WHERE AND WHEN TO LOOK: The International Space Station will appear in the northwestern part of the sky at 10 degrees. It will move toward the southeast and will set below the horizon in the southeast part of the sky at 19 degrees above the horizon. The ISS will be visible tonight at 9:51 p.m. for six minutes.
Keeping this in consideration, can you see the space station from Houston?
The International Space Station can be seen over Houston between 6:23 and 6:29 p.m. on Wednesday night. On any given night, the Sabine Street bridge between Memorial and Allen parkways is ripe for views of downtown. That makes it the best spot to watch the ISS fly by, which will come into view starting at 6:23 p.m.
Secondly, how often can you see the International Space Station?
Is ISS visible from Earth?
From most locations on Earth, assuming you have clear night skies, you can see ISS for yourself. It looks like a bright star moving quickly from horizon to horizon to us on Earth. As suddenly as it appears, it disappears.
But the ISS isn’t the only satellite to see. Of the roughly 3,000 spacecraft in Earth orbit, nearly 100 stand apart: the Iridium communications spacecraft. They periodically reflect sunlight toward the ground, causing brief but brilliant displays of light.
Sign Up Location: Houston, Texas, United States
|Date: Mon Dec 6, 7:09 PM||Visible: 2 min||Disappears: 26° above NNW|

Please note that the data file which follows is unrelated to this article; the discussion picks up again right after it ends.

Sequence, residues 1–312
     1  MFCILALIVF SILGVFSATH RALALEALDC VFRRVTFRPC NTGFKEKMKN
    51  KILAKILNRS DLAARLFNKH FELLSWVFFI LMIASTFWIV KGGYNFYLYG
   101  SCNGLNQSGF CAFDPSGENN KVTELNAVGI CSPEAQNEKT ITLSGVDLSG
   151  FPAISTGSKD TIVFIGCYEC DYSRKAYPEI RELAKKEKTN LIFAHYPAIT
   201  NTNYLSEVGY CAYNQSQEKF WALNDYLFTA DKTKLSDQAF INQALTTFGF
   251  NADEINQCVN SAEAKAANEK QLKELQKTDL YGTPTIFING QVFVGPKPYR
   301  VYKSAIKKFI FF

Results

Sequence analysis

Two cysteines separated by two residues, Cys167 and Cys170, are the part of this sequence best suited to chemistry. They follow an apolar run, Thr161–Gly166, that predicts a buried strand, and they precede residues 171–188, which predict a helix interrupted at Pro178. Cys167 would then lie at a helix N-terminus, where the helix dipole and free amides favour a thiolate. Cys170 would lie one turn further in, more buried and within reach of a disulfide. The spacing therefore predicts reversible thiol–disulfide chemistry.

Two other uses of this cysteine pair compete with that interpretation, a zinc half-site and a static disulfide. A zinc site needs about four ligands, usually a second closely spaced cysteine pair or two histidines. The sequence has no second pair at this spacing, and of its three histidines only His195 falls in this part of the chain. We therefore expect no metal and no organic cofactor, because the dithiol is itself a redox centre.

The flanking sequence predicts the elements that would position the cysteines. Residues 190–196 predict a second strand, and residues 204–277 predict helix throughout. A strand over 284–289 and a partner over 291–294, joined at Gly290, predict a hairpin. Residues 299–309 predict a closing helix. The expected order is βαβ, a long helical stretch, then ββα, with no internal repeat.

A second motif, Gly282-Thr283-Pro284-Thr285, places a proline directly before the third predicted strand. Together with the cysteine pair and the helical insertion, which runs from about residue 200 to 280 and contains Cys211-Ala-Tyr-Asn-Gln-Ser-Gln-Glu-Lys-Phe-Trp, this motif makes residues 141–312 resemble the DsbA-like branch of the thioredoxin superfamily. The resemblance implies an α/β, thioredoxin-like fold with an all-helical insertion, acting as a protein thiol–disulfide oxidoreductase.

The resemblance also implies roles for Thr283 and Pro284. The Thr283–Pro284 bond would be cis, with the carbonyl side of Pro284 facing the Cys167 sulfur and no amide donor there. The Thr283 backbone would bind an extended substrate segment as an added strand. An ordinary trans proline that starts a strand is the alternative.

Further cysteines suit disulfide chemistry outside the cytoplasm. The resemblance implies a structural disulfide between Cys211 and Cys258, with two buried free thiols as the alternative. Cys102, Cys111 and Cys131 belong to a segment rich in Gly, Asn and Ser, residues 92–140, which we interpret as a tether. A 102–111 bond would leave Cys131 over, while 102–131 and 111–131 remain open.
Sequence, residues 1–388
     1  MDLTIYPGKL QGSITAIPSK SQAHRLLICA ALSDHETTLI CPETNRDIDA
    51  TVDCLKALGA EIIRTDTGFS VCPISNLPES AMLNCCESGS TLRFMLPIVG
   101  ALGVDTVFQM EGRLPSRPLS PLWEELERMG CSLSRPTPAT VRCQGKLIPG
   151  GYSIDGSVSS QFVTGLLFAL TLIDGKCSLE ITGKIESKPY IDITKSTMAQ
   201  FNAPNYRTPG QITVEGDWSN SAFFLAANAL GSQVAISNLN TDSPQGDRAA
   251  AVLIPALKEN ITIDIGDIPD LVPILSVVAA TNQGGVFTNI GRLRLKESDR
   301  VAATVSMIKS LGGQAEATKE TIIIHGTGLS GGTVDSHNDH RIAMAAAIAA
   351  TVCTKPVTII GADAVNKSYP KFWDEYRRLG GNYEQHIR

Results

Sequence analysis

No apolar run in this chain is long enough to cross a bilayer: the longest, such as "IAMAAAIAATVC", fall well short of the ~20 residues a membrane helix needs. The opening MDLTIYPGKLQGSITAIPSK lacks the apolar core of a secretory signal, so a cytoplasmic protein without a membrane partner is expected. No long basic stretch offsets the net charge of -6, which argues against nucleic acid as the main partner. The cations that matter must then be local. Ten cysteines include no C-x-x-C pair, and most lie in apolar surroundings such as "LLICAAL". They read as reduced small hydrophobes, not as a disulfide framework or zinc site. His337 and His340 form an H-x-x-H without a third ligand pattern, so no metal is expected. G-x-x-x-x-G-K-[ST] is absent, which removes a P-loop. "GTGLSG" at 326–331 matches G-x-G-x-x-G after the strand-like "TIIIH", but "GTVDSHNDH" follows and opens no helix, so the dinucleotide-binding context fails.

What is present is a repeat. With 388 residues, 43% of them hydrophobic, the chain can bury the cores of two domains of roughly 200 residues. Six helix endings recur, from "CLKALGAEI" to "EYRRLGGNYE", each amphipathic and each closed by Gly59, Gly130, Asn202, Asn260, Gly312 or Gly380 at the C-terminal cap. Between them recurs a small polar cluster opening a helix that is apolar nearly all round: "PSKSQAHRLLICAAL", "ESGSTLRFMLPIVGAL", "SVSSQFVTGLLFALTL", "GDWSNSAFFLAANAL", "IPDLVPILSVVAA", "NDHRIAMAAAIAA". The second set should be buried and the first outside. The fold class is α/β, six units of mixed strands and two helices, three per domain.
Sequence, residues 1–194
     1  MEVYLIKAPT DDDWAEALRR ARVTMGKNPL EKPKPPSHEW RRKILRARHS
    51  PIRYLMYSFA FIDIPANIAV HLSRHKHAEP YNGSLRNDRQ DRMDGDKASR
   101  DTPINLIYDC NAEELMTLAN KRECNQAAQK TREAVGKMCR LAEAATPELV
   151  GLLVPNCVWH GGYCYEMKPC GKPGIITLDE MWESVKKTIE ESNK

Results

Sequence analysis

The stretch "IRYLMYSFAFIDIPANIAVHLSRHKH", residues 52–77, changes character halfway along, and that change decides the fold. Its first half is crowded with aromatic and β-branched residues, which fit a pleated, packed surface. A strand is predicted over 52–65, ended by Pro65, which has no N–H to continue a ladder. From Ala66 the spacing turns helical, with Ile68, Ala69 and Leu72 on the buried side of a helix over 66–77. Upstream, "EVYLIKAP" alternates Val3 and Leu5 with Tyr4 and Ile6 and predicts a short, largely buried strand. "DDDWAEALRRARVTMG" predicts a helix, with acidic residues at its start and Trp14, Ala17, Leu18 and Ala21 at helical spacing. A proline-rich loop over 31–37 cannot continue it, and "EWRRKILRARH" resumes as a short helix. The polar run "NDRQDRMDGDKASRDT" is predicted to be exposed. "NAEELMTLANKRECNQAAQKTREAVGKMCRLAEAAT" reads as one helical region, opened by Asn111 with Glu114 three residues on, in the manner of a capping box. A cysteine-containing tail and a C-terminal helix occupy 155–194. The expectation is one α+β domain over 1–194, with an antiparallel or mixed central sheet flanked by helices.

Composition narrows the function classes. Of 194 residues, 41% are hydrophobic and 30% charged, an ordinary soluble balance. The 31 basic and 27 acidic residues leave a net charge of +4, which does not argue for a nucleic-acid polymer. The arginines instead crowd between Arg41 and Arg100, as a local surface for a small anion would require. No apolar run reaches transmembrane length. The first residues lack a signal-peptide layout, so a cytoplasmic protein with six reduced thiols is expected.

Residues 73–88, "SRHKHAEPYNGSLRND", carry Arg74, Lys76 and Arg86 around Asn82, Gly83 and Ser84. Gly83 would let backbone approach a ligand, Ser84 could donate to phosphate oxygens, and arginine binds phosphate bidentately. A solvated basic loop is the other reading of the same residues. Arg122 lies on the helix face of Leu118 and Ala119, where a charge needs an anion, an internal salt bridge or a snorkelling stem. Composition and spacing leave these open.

|Date: Tue Dec 7, 6:35 PM||Visible: 4 min||Disappears: 37° above ENE|
|Date: Wed Dec 8, 6:00 PM||Visible: 7 min||Disappears: 10° above ESE|
|Date: Wed Dec 8, 7:39 PM||Visible: 3 min||Disappears: 17° above SW|
What time will the ISS appear tonight? The ISS will appear above the UK at roughly 9.49pm BST, according to Nasa’s ISS-tracker.
Observing the International Space Station
The best time to observe the ISS is when it is nighttime at your location, and the Space Station is sunlit. Often, such a viewing situation occurs in the morning before sunrise, or in the evening after sunset.
Sign Up Location: Dallas, Texas, United States
|Date: Mon Dec 6, 6:50 PM||Visible: 3 min||Appears: 10° above NW|
|Date: Tue Dec 7, 6:03 PM||Visible: 6 min||Appears: 10° above NNW|
|Date: Tue Dec 7, 7:40 PM||Visible: 2 min||Appears: 10° above W|
|Date: Wed Dec 8, 6:52 PM||Visible: 6 min||Appears: 10° above WNW|
Sign Up Location: San Antonio, Texas, United States
|Date: Tue Dec 7, 7:41 PM||Visible: 2 min||Appears: 10° above WNW|
|Date: Wed Dec 8, 6:54 PM||Visible: 6 min||Appears: 10° above NW|
|Date: Thu Dec 9, 6:06 PM||Visible: 7 min||Appears: 10° above NW|
|Date: Fri Dec 10, 6:57 PM||Visible: 4 min||Appears: 10° above W|
The ISS will appear in our sky at 8:14 p.m. Friday, September 17 at 10 degrees above the southwest horizon. (Each 10 degrees in vertical space is about the width of a fist at the end of an outstretched arm.)
This means that those on board the ISS right now are: Kayla Barron, U.S. astronaut; Raja Chari, U.S. astronaut; Pyotr Dubrov, Russian cosmonaut; Thomas Marshburn, U.S. astronaut; Matthias Maurer, German astronaut; Anton Shkaplerov, Russian cosmonaut; and Mark Vande Hei, U.S. astronaut.